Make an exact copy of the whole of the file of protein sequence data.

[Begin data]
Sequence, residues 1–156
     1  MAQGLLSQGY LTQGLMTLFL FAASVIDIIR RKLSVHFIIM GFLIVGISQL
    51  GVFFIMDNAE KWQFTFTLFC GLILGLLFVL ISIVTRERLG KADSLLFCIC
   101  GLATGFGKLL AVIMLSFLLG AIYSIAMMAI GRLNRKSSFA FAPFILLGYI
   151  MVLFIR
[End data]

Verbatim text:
Sequence, residues 1–156
     1  MAQGLLSQGY LTQGLMTLFL FAASVIDIIR RKLSVHFIIM GFLIVGISQL
    51  GVFFIMDNAE KWQFTFTLFC GLILGLLFVL ISIVTRERLG KADSLLFCIC
   101  GLATGFGKLL AVIMLSFLLG AIYSIAMMAI GRLNRKSSFA FAPFILLGYI
   151  MVLFIR